lukegilman.com : The Blawgraphy
Life of a Law Student, University of Houston Law Center

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Please note: I'm no longer updating this particular blog, but keep it around for archival purposes. Visit me at the current blog at www.lukegilman.com

When Not to Blog (Prosecutors Edition)

By: Luke Gilman | Other Posts by
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The legal profession has more than its share of land mines for would-be bloggers. Houston Criminal Lawyer and Fearless Blogger Mark Bennett points out one of the many differences between himself and prosecutors – he can speak his mind with relative impunity; prosecutors are officers and representatives of the State. Even when they speak for themselves they implicate our collective coercive power over the person. So when someone pulls the veil back on the sausage factory, it’s well, unseemly. Consider a excerpt from “the Sassy Court”:

Today, [Chief Man] was laughing at me because I was livid that he wanted to give my pervert a deferred. I told him I didn’t care what he did as long as it counted toward the guy registering as a sex offender.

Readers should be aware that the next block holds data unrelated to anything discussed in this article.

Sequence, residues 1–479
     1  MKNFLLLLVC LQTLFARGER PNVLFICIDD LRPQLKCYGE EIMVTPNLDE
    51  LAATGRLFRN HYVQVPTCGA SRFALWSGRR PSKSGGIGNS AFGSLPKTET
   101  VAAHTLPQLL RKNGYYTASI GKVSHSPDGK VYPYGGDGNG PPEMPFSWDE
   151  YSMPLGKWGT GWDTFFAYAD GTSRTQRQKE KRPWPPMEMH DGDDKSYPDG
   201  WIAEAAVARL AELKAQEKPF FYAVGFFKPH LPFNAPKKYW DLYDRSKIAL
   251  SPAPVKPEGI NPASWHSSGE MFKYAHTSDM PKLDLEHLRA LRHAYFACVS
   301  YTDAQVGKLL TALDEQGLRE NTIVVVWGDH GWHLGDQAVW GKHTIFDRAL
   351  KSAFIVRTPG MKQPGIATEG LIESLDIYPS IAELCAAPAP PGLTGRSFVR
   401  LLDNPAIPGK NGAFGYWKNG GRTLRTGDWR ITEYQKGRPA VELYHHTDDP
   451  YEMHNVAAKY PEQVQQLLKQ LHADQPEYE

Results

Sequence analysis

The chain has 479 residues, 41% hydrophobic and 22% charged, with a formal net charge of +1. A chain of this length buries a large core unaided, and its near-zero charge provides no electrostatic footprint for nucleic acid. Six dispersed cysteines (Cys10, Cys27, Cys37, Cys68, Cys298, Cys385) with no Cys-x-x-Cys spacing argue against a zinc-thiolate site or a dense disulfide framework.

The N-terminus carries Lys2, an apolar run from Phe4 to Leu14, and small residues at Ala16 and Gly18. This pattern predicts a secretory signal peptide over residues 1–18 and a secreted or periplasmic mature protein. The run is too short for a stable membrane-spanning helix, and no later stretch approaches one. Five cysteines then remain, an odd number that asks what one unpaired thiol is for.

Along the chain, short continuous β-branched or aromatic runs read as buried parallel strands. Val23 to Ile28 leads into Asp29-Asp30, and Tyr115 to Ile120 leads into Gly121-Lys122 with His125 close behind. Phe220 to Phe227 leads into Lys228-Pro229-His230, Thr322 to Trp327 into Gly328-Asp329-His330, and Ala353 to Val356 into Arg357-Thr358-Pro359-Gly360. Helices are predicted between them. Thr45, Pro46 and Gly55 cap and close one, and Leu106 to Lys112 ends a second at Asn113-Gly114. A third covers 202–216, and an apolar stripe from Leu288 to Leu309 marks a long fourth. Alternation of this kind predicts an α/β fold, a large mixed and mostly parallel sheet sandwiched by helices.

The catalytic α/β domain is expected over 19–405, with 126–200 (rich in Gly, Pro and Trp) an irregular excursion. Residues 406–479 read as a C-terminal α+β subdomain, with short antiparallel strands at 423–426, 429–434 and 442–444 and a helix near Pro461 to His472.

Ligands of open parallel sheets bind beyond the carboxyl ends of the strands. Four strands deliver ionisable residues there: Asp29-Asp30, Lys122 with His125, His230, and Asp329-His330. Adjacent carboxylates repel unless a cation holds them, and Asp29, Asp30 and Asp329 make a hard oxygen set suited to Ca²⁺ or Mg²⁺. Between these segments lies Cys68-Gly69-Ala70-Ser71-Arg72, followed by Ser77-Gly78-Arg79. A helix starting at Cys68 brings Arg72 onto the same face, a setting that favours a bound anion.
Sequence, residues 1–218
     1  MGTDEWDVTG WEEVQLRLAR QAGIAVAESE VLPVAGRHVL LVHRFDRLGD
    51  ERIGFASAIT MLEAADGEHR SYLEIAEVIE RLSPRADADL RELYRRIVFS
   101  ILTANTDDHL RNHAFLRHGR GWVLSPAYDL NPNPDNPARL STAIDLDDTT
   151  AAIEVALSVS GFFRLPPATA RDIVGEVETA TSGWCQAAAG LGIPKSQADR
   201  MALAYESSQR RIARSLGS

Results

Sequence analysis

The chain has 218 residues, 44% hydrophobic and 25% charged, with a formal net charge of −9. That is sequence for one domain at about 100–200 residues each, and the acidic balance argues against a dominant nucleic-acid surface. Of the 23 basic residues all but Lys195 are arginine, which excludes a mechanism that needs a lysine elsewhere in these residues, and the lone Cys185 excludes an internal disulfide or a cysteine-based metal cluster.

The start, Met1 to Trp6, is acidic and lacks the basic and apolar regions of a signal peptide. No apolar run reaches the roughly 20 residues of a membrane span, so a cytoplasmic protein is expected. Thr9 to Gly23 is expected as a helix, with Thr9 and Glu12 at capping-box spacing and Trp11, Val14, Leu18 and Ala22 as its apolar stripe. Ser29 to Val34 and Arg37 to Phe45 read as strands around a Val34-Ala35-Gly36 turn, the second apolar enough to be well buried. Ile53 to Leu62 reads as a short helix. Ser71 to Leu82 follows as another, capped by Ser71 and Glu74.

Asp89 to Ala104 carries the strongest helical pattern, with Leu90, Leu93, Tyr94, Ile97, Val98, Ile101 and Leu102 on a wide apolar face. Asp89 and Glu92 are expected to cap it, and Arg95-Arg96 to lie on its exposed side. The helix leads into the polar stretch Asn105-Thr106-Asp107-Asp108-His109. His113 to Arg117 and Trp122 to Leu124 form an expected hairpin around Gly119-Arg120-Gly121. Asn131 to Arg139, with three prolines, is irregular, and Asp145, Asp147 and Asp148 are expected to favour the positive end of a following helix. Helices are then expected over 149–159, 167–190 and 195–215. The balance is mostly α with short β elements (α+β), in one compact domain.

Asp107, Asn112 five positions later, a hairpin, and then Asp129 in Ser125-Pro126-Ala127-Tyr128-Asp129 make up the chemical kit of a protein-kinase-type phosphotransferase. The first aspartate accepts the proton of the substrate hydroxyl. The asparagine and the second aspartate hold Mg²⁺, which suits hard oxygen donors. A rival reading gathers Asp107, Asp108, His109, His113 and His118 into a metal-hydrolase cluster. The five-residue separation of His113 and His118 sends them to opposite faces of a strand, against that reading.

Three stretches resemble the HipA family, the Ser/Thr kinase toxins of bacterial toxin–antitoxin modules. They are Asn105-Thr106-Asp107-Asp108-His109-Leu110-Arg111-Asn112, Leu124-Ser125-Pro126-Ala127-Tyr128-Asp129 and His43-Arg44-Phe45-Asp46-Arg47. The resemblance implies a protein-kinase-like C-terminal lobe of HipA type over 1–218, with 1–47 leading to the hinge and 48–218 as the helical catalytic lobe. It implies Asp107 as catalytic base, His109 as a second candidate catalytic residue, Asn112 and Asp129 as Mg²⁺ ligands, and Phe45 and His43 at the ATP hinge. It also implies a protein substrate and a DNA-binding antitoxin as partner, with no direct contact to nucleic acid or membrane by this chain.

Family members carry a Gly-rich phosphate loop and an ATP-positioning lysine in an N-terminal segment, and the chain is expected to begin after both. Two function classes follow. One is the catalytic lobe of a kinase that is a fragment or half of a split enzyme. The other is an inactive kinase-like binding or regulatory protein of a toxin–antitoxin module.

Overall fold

At one point he was sitting with his head on the desk. Then he tried to explain to me that they give deferreds to sex offenders all the time in felony. I don’t care what they do in felony!!! I want my guy to have to register as a sex offender!

It was not quite a surprise to find that the blog had gone dark today. In any other context – covering politics, business – those kinds of comments would be perfectly acceptable and purely entertaining. One of the issues of working for the government is that it’s not always easy to tell where ones own dominion ends and where the government’s begins. For a public employee I’m not sure a public, even presumptively anonymous blog, of the kind those of us in private practice take for granted, can ever be appropriate. There are consequences to blogging. Not all of them are good.

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Category: blawging, criminal law

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One Response

  1. lukegilman says:

    It’s worth pointing out that there are reasons for lawyers to blog as well.

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